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The proactive fight
Choosing to have a prophylactic mastectomy before you are diagnosed with breast cancer is a decision some patients are making.

Photos by Dan Bishop

October 2013

Ruth Mueller was at high risk for breast cancer so chose to have a mastectomy.

It was a lightening rod when Angelina Jolie wrote, "My Medical Choice," about her decision to have a preventative double mastectomy. The article was published in The New York Times and the phones started ringing off the hook at the Wauwatosa office of Dr. Hanadi Bu-Ali, a breast cancer surgeon with Wheaton Franciscan Medical Group. "It was crazy. Everyone wanted to get tested for the gene, even some people without high risk for breast cancer. The positive thing was that the article got peopleís attention."

"Iím glad she wrote the article because it did get more awareness out there," says 53-year-old Ruth Mueller of Richfield, "but it was old news to me." Mueller had lived with the trauma of high risk when the subject of breast cancer was taboo and had a bilateral prophylactic mastectomy years ago. What she and Jolie have in common is the breast cancer gene. BRCA 1 and BRCA 2 are variants of the breast cancer gene that increases your lifetime risk of ovarian cancer by as much as 40 percent and breast cancer by as much as 80 percent.

Mueller was a preteen when she lost her mom to breast cancer. Her grandmother and an aunt on her momís side died from the disease too. "Mom died in 1973. Nobody talked about breast cancer back then so we didnít think about family risk." It hit her like a ton of bricks three decades later, when one of her six sisters fought and lost an agonizing battle with the disease. "It was so difficult to watch her struggle. I knew I never wanted to go through anything like that."

So Mueller got genetic counseling. When she tested positive for the breast cancer gene, something snapped. "I cried in the doctorís office. Iím not even sure why. I knew I had to do something. I had my ovaries removed right away but I wasnít able to accept losing my breasts. I wasnít ready to make that decision."

She pushed the risk to the back of her mind, got regular checkups and promised herself that her breasts would go if one more sister was diagnosed. In 2009 it happened. Another sister was diagnosed and Mueller scheduled her mastectomy. "By that time I had come to terms with it. I had reconstructive surgery right after the mastectomy. I knew it wouldnít be as traumatic to wake up and know I had something there." Instead of using implants, Muellerís new breasts were fashioned from her own abdominal muscle and tissue. Other reconstruction advances include skin- and nipple-sparing surgery. By federal law, insurance companies should cover the cost of breast reconstruction if there is a medical reason for having a mastectomy.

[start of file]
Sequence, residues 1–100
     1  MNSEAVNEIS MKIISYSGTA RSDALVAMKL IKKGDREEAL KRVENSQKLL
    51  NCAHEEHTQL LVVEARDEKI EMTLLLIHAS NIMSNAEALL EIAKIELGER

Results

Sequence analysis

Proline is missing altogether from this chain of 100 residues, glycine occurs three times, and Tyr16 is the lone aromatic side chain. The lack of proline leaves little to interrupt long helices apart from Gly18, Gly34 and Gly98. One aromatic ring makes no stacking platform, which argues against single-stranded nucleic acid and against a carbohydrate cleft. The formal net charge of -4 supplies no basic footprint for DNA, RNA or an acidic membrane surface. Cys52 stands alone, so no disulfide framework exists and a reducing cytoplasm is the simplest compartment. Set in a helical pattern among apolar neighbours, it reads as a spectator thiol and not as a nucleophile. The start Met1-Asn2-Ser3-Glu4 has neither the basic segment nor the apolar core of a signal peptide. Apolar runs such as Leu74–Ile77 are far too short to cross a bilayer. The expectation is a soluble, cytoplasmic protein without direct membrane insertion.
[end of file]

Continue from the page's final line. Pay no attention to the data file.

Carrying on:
Brookfield plastic surgeon Dr. Philip Sonderman counsels women about their choices. "Nothing is perfect. The recovery can take up to two months. There is going to be scarring. The breast skin will be numb. At the same time most women are extremely satisfied with the results and comfortable going in. They can view before and after pictures online and after the surgery they can wear a bathing suit or low-cut dress and look and feel whole and feminine."

There is a flag for genetic counseling if you have a first degree relative with breast cancer who was diagnosed under the age of 50, any family member with male breast cancer, a first degree relative with ovarian cancer, a strong family history of colon, prostate or pancreatic cancer, or if you are a breast or ovarian cancer patient who is under the age of 45.

"Most women with the breast cancer gene choose to have the surgery," Bu-Ali says. "You might think they would be paralyzed by fear but interestingly itís just the opposite. They want to be proactive." Mueller has turned the tables on breast cancer. Her lifetime risk is now reduced to between 5 and 10 percent and her big dream for the future focuses on celebrating life. "I guess Iíd like to be a grandma one day."

Commish takes a stand against cancer

After a routine physical in 2004, Major League Baseball Commissioner and North Shore resident Bud Selig was heading out the door when his doctor noticed a suspicious blemish on Seligís forehead. At his suggestion, Selig consulted a dermatologist.

Within a few days, Selig had a diagnosis of Stage 4 melanoma.

"I was in shock," says Selig, who says he has never been a sun-worshiper.

He underwent surgery to remove the lesion and a biopsy later revealed he was cancer-free.

While relieved, Selig also felt compelled to warn others about the dangers of skin cancer. Major League Baseball seemed like the perfect public platform. Then during a dinner engagement in January 2008, Selig encountered several prominent Hollywood executives who were starting a new initiative called Stand Up 2 Cancer, which focuses on accelerating cancer research to get innovative therapies to patients faster.

At his wifeís urging, Selig appealed to MLB club owners and when Stand Up 2 Cancer officially launched later that year, all 30 teams pledged $10 million to the organization.

"Itís a privilege for me and Major League Baseball to join this magnificent effort," Selig says.

Five years later Selig continues to rally Major League Baseballís involvement in the fight against cancer. To date, the professional sports group has donated more than $30 million to the cause. In 2012, MLB dedicated Game One of the World Series to Stand Up 2 Cancer.

 - Rebecca Konya


This story ran in the October 2013 issue of: